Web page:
IBM In Denial Over Lotus Notes? Not Really.

from the rivers-in-africa-for-$100-alex dept

As Lotus Notes steadily loses share to Microsoft Exchange, people are seeing similarities to Lotus 1-2-3‘s loss of share to Microsoft Excel. Microsoft Exchange is outselling Lotus Notes by a large margin, and the only reason Notes still has a hold is because of its entrenched install base. Today, all but one of the top analyst firms recognize Exchange as the leading email product. Yet, IBM and its Lotus Notes consultants still continue to claim that they are the “best selling” email product on the market. Sure, it’s marketing spin (and thanks to Gartner, it’s not entirely false), but Forbes is missing the point (and watching too much Monty Python). IBM is milking as much revenue from what it already deems a dying product. IBM is strategically doubling down on its services businesses and getting out of businesses that it deems not core to this goal (laptops, anyone?). Their willingness to exit a commoditized, competitive email software market in favor of growing other, more lucrative parts of their business is actually a good display of discipline. IBM is not hiding their head in the sand on this one — they correctly recognize that the holy grail isn’t email software.

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Comments on “IBM In Denial Over Lotus Notes? Not Really.”

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will says:

notes blows

i hate f*ckin notes. coming from a high capital commercial company (=investment in ICT) to a membership based trade association i work in now, lotus notes is the norm here and it provides a hugely unenjoyable working experience. docstores & the like are utterly pointless, the email client is vile & the only reason we seem to carry using it is the expense of buying a new licence for MS :///

drteknikal (profile) says:

apples and oranges

There’s an underlying assumption that Notes is an email product. That’s inaccurate. Notes is more of a distributed relational database with email functionality.

Many companies bought Notes with big ideas about groupware projects, but fewer ended up with anything worth having. I worked with multiple companies who bought Notes because they “knew they needed it” but werent’ sure what for. Worse, after making these ponderous purchases, many felt they had to standardize on Notes as their mail platform.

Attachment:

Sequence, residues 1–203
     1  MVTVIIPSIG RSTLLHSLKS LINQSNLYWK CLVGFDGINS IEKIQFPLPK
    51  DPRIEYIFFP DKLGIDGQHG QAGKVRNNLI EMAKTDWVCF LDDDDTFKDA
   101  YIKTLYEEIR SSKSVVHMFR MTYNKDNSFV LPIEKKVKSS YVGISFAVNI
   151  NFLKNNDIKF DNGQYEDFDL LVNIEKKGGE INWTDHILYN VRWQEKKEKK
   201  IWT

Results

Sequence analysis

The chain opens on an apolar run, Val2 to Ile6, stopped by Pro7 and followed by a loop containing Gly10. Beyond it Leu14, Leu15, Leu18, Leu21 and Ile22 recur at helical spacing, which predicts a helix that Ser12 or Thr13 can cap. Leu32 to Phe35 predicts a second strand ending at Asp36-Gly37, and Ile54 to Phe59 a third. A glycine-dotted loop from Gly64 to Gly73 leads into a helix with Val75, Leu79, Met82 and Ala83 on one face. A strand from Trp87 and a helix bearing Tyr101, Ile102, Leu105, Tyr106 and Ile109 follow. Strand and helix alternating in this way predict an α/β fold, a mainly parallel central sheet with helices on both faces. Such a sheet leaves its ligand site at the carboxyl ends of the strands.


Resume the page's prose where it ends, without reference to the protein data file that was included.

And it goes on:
I’ve always said that Notes was a good product if you needed what it did and actually used it. I’ve also always said that you should never implement Notes without a very good reason, a mission-critical application, and an understanding of what living in the Notes environment really means. Unless you have a primary application in Notes that you will always need to be running, it’s probably a bad idea to make Notes your email environment.

The interesting thing is that it didn’t start out this way. Microsoft had bought an email product (Network Courier) and so had Lotus (cc:Mail). Lotus introduced Notes as a groupware product, and Microsoft responded by beefing up what turned into Exchange and bundling Outlook. The thing is that what Lotus called groupware and what Microsoft called groupware couldn’t have been more different. Strangely, now that Notes appears to be making its fade, it comes down to messaging, and Exchange wins.

Funny, it seems we forgot what the point was.

digifool (user link) says:

Re: apples and oranges

“Notes is more of a distributed relational database with email functionality” – Your kidding. Notes is more an email client than it is a relational database and it certainly isn’t an email client!
I’ve been a notes developer, administrator and Notes project manager for years and its now so way out of date that I no longer love it, it no longer helps me to do my job but consistently gets in the way – AAARGH! I hate Lotus Notes. Web development is a PITA, the email side of things is very poor and nothing seems to be improving.
I think the biggest competitor to Lotus Notes is not Exchange but ASP.NET/MS Sql Server/Sharepoint etc and I can’t see how IBM can compete with .Net at the moment.